Discuss Reading In One Or More Novels By Jane Austen:

2375 words - 10 pages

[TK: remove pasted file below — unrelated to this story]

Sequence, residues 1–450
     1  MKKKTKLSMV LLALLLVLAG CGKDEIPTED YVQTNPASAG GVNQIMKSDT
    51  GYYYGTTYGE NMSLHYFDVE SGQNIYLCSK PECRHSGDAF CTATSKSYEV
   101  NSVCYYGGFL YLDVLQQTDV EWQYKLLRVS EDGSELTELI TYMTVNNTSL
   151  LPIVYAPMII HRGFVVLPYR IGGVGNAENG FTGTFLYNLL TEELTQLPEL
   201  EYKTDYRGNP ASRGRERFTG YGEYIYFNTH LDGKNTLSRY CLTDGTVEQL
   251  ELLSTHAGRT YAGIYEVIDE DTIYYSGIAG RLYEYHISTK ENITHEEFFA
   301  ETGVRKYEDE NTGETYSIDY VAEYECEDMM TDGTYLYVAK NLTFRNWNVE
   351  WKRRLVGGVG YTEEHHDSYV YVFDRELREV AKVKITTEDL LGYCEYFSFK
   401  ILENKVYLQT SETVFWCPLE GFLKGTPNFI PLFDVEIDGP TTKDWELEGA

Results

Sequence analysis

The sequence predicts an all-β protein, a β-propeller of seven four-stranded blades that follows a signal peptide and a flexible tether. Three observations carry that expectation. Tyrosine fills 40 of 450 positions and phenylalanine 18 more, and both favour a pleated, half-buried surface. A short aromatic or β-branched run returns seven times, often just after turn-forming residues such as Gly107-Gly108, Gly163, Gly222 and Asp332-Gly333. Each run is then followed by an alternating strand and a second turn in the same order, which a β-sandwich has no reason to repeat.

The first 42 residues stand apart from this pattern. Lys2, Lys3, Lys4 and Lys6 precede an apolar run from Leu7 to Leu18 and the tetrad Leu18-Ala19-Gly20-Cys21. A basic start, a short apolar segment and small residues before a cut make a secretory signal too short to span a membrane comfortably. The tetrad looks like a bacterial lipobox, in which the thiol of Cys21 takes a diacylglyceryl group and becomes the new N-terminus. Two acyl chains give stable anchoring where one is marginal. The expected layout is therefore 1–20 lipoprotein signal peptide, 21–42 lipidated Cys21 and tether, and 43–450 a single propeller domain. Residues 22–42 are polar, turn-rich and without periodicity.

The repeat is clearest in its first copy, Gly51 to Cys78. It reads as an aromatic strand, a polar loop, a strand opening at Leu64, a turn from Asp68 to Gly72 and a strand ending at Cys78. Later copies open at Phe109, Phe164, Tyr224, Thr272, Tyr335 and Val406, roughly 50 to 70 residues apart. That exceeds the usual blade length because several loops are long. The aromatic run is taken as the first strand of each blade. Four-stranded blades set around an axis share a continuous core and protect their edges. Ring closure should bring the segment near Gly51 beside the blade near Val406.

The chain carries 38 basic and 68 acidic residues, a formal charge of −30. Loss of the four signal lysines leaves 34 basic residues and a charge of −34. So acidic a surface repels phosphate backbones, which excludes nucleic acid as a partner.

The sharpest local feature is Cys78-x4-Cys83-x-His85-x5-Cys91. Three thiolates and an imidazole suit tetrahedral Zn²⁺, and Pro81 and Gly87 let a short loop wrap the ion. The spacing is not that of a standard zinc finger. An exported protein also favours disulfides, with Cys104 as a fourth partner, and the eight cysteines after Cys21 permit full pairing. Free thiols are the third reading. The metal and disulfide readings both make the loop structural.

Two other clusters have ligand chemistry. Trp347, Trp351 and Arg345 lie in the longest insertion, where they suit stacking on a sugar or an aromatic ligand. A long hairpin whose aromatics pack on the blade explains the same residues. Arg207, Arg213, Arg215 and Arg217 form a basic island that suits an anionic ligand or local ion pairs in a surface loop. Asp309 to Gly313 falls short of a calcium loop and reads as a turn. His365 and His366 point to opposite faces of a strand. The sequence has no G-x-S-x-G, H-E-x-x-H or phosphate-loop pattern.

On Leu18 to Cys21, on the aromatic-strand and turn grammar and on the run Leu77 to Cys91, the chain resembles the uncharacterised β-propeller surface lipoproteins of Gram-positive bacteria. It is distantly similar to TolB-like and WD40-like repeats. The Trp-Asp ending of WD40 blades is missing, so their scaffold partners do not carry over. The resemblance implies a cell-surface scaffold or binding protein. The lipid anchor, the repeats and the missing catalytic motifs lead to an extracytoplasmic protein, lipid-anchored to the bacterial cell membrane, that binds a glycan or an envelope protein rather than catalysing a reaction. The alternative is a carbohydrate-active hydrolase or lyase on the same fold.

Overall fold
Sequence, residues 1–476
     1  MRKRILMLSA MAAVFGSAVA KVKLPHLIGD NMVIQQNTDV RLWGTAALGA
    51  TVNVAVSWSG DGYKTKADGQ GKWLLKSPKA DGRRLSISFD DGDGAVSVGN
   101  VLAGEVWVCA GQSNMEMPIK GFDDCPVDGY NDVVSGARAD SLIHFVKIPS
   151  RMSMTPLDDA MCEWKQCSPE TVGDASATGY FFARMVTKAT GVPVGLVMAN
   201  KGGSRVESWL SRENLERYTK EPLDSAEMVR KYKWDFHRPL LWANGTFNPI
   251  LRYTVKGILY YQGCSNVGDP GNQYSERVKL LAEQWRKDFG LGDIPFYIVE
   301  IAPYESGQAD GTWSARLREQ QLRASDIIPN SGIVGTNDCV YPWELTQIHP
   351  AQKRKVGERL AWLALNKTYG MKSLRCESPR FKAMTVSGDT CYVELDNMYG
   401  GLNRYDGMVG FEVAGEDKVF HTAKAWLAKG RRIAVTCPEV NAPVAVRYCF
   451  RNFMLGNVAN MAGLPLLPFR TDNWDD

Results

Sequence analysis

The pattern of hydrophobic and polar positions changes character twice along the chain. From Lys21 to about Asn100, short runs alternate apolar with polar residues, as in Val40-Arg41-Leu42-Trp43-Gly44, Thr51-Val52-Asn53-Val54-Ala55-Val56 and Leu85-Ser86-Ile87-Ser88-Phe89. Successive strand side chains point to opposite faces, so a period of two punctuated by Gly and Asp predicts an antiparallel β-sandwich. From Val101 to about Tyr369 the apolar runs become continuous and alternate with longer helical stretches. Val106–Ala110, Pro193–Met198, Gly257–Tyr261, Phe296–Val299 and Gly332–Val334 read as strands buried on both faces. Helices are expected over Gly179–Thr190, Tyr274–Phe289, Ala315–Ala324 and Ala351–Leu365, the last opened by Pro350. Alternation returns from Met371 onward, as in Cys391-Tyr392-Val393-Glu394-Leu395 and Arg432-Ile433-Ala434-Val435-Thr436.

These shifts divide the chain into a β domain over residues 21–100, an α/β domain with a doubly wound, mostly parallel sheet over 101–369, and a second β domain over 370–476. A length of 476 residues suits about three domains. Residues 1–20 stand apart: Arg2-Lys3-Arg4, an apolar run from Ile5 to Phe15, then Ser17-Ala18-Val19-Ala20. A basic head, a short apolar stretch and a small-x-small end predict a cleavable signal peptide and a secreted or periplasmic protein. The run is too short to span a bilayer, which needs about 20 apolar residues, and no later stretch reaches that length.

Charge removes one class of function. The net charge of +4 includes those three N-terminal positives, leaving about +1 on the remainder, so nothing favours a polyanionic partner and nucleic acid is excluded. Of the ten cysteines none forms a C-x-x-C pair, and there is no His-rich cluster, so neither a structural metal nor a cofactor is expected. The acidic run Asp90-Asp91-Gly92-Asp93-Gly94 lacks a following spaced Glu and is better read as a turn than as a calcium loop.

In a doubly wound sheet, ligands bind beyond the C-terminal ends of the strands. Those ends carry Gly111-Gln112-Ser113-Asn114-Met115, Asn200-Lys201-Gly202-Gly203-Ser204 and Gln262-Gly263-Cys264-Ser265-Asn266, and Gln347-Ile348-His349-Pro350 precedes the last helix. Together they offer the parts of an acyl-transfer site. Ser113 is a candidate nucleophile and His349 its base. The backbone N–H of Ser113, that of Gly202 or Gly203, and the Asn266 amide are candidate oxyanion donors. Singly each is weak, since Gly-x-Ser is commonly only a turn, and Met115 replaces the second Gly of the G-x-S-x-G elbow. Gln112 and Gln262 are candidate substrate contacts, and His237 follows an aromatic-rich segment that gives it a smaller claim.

Reading in Jane Austen novels is one aspect that is held in common with all of her heroines, and seems to form part of Austen's ideals regarding an admirable heroine. Her characterisations are by no means formulaic, yet similar concerns about class, marriage and the status of women are to be found in each of her books. Reading is presented as being a n escape from the confines of the female role, an expansion of mind that is necessary for character formation. Each of Austen's heroines reads ti some extant, and the act of reading, and educating oneself is seen as most powerful when placed within the female realm. In Pride and Prejudice, Mr Bennet constantly retreats to his library, where he can escape his wife and the world outside, and it is due to Elizabeth's active reading and intelligent interaction with texts that allows the pair such a special bond. Jane Austen encourages the idea that reading should exist for a purpose, and that women need to read in order to be able to assert their rights and intelligence, and be able to be strong as any man in her story lines. Reading produces strong, independent women, who are only involved in such stories about society and the politics of the everyday because it allows them to have a "real" and applicable context for readers of the time.Through reading, Austen is presenting rather radical ideas about the nature of education and gender, and that reading, while seen as a rather passive occupation, has the power to change futures and can form the crux of a quiet rebellion for her female leads. strength of character and ultimately the success of marital relationships and partnerships do seem to lend a certain significance to reading. I once again turn to Pride and Prejudice for a quotation which summarises how Darcy places such importance on being "more substantial....in the improvement of her mind by extensive reading.". The most appealing male leads all seem to have a respect for a woman of educated standing. Reading is therefore presented as a positive and important part of a woman's education, which is necessary in order to be able to form fulfilling relationships, and a more equal balance between the roles of the male and the female. Reading can be seen to help to elevate one's place in society, and can make a female more attractive to the male leads, which undermines the idea of subservience in females and being of the same class level as being the most important aspects of a suited match. In Persuasion, we see Anne being mentioned on several occasions in words of high praise, and one occasion where the male and female roles are reversed through the act of reading and knowledge is in Chapter XIV, where Charles speaks of Captain Benwicks feelings towards Anne. He says that:It is a very clear thing that he [Benwick] admires you exceedingly. His head is full of some books that he is reading upon your recommendation, and he wants to talk to you about them; he has found out something or other in one of...

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